“Putting together a virtual ensemble can be difficult, but I have seen many tech-savvy educators or sound engineers helping music educators create virtual performances,” Cayari said. “Students can also collaborate with one another to create anything from karaoke videos to vlog projects. The great thing about technology is that students can collaborate with others without geographical restraint.”

For the last 10 years, Cayari has researched online music making and virtual performances, focusing most of his attention on YouTube and how the platform has changed the way people create, consume and share music. According to Cayari, online music-making projects, research, technologies and literacies occur within three dispositions:

  • Do-it-yourself: “There are many avenues for do-it-yourself projects thanks to social media or audio recording websites like SoundCloud or Bandcamp. This method is great for students because it allows them to learn for themselves about the aspects that go into music recording projects.”
  • Do-it-with-others: “Online music making isn’t a new concept. For many years, people have been collaborating with others to create music and connect with one another through the production of music.”
  • Do-it-for-others: “These type of performances are organized projects where individuals submit their own performances and someone else pulls it all together. Everyone from the organizer to the performers to the editors have a hand in creating something for the enjoyment of others.”

This week, a special issue of the Journal for Popular Music Education, co-edited by Cayari and Janice Waldron from Windsor University in Ontario, Canada, was released that focuses on learning, performing and teaching, which includes international research about how music teachers are using the internet to teach students.

About Purdue University

Purdue University is a top public research institution developing practical solutions to today’s toughest challenges. Ranked the No. 6 Most Innovative University in the United States by U.S. News & World Report, Purdue delivers world-changing research and out-of-this-world discovery. Committed to hands-on and online, real-world learning, Purdue offers a transformative education to all. Committed to affordability and accessibility, Purdue has frozen tuition and most fees at 2012-13 levels, enabling more students than ever to graduate debt-free. See how Purdue never stops in the persisten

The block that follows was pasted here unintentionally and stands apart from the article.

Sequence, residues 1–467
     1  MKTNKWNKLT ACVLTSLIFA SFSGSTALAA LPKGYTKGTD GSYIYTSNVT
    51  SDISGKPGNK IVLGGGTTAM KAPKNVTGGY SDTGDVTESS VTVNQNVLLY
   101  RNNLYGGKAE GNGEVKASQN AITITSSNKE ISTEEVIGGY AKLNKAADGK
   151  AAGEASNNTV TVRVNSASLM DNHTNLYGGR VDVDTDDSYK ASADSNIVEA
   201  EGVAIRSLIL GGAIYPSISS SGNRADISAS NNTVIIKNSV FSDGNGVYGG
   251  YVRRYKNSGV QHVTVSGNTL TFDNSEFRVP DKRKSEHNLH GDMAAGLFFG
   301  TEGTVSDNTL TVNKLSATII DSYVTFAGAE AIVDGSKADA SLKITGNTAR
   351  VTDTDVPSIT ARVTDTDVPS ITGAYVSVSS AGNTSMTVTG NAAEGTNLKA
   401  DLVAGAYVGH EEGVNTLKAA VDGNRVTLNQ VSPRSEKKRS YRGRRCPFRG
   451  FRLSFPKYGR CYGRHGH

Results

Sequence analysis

New approach to airborne disinfection uses food-coloring dyes

Purdue – Airborne Disinfection

By Chris Adam

The COVID-19 pandemic has shed new light on the needs for improved disinfection methods, both for individuals and facilities.

Purdue University innovators have developed an airborne disinfection method – using food-coloring dyes – to be applied to the entire body and rooms for sterilization purposes and lowering the risk of infection.

The Purdue team’s disinfection method uses edible materials. The Purdue team presented the technology in July during a COVID-19 virtual conference sponsored by the National Council of Entrepreneurial Tech Transfer.

“Most of the antiviral and antibacterial sprays used for airborne antiviral and antibacterial disinfectants, such as aerosolized hydrogen peroxide, ozone, and deep ultraviolet illumination, are a biohazard risk to humans,” said Young Kim, an associate professor of biomedical engineering at Purdue. “Additionally, disinfectants containing titanium dioxide and noble metal nanoparticles pose carcinogenic and cytotoxicity risks.”

Kim also said new methods are needed since transmission of pathogens (viruses and bacteria) often occurs in the air and infection with pathogens is transmitted by an airborne route. The Purdue method might also help in medical settings, where healthcare workers typically are exposed to the disease-causing agents when they take off their personal protective equipment.

The Purdue airborne antiviral phototherapy technique uses small aerosols FDA-approved food coloring dyes to mitigate the risks of airborne transmissions of pathogens. This is referred to as Photodynamic Airborne Cleaner (PAC).

“We have demonstrated with our novel solution how visible light activation of several FDA-approved food coloring dyes generate singlet oxygen, which can be used to kill airborne pathogens,” Kim said. “In the medical community, it is well known that singlet oxygen is effective to inactivate viruses. We are developing a scalable aerosol generation system for the dyes, allowing uniform fog-like dispersion lingering in the air to minimize wetting and surface staining. In addition, as health care workers are often infected when removing PPE, this technology can be installed in a confined chamber for health care professionals to change PPE in hospital settings.”

The novel photoreactive arrangement can be used in rooms where many people are present at risk of airborne pathogen exposure.

The innovators are working with the Purdue Research Foundation Office of Technology Commercialization to license this patented technology.

The researchers are looking for partners to continue developing their technology. For more information on licensing and other opportunities, contact D.H.R. Sarma of OTC at DHRSarma@prf.org and mention track code 2020-KIM-69064.